The completed 8′ x 10′ sill shown above would be the first major element of a modest sized barn or outbuilding.

Matt Gillard teaching some basics of Masonry

Matt Gillard teaching some basics of Masonry

Preservation Mason Matt Gillard (owner of Colonial Brick Works) and Matt Blanchette gave a great lecture on traditional masonry tools, techniques and evolution.

Rachel cleaning off some recovered bricks

Rachel cleaning off some recovered bricks

This hands on session allowed students to mix traditional mortar, clean bricks, re-point, repair, lay brick and joint mortar.

Masonry group shot

Masonry group shot

At the end of the week the students also shared their presentations and research proposals. To celebrate the end of this very intensive week the Director of the Historic Preservation (HP) program Robert Ogle presented each student with an ‘I survived the HP intensive week 2013 @ the BAC’ Tee Shirt to commemorate the occasion. This well earned reward is one of three major intensives they will need to survive in order to complete the program.

'I survived the BAC Historic Preservation Intensive 2013' Tee Shirts

‘I survived the BAC Historic Preservation Intensive 2013′ Tee Shirts

Given that we all survived this very intensive week and you survived reading this marathon blog post, I think it’s time for all of us to rest up and prep for next year. :-)

You can learn more about this class and the program here or go direct to the video here.

-Bill

Categories: Blacksmithing, General Information, Historic Places, Masonry, Masonry Techniques, Museum, NBSS, Preservation, Teaching, Timber Framing | Tags: , , , , , , , , , , , , , , | Leave a comment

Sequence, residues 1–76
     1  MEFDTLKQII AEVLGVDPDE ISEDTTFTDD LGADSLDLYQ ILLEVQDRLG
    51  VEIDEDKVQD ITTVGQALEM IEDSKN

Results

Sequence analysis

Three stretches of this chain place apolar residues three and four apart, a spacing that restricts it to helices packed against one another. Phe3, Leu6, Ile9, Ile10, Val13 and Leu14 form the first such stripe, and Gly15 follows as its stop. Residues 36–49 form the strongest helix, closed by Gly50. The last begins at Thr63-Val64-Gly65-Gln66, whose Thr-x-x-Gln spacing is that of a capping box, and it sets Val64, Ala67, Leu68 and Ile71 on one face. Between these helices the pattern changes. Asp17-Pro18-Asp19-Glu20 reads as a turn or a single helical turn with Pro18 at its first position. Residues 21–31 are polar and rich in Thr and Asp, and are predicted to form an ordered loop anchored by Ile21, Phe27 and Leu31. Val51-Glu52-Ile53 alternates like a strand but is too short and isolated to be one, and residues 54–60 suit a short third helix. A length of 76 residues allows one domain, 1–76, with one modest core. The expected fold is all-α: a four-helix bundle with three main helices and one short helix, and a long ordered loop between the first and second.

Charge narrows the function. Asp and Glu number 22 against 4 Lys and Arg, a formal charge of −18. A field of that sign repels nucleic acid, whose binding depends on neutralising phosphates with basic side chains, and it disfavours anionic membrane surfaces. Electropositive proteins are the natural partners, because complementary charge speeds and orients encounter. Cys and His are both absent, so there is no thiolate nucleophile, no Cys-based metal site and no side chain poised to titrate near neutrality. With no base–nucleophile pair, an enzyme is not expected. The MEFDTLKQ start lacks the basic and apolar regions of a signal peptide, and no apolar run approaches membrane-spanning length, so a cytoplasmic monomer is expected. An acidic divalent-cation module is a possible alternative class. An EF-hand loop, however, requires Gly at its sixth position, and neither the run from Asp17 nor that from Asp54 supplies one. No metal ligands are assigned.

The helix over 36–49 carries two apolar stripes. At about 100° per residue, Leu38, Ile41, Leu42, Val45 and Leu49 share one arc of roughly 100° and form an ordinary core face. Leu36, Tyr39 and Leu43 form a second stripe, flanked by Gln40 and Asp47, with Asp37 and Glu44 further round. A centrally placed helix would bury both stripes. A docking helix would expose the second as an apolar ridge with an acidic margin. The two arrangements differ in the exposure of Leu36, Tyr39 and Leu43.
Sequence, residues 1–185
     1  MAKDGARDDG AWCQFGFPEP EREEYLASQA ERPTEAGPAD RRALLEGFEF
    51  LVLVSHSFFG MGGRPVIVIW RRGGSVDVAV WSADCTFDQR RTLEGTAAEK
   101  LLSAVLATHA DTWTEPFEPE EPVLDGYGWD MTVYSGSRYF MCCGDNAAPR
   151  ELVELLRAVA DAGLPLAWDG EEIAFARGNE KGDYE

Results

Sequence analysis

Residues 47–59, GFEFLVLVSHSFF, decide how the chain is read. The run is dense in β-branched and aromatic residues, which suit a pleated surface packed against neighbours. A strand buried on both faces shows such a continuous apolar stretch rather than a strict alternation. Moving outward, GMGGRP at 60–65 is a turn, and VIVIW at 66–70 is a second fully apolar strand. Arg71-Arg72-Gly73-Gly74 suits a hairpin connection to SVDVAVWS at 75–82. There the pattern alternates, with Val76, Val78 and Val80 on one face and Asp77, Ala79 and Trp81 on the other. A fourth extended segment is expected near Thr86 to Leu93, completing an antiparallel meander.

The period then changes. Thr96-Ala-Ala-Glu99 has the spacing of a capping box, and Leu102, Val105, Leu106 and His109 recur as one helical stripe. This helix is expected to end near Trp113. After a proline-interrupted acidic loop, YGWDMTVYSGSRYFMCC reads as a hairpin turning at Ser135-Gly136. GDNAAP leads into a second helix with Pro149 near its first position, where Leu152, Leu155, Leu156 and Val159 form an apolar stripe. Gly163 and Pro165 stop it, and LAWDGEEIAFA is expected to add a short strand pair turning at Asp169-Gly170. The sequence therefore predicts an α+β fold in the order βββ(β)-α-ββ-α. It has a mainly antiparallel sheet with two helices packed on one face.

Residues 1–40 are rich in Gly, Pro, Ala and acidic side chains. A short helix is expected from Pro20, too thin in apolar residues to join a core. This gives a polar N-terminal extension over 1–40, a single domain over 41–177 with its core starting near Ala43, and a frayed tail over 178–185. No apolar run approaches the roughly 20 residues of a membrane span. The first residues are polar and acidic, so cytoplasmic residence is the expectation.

Turning Wood Into Stone — Rustication at Mount Vernon

Why would someone want to turn wood into stone?

A stone building or home often conveyed a sense of lasting presence, wealth, and a connection to the many famous stone structures of antiquity that we so often try to emulate and incorporate into our architectural designs. So why not just build with stone in the first place?

The answer is usually economics — wood is a lot cheaper, easier to move and shape compared to stone — so if you could make your wooden home look like stone you’ll be keeping up with the Jones’ and not break the bank.

I just returned from a  trip down to Washington D.C. where we also visited  Mount Vernon — the home of George and Martha Washington with amazing views of the Potomac — and the most famous example of Feigned Rustication I am aware of.

George and Martha Washington's Home -- Mount Vernon

George and Martha Washington’s Home — Mount Vernon

What is Rustication?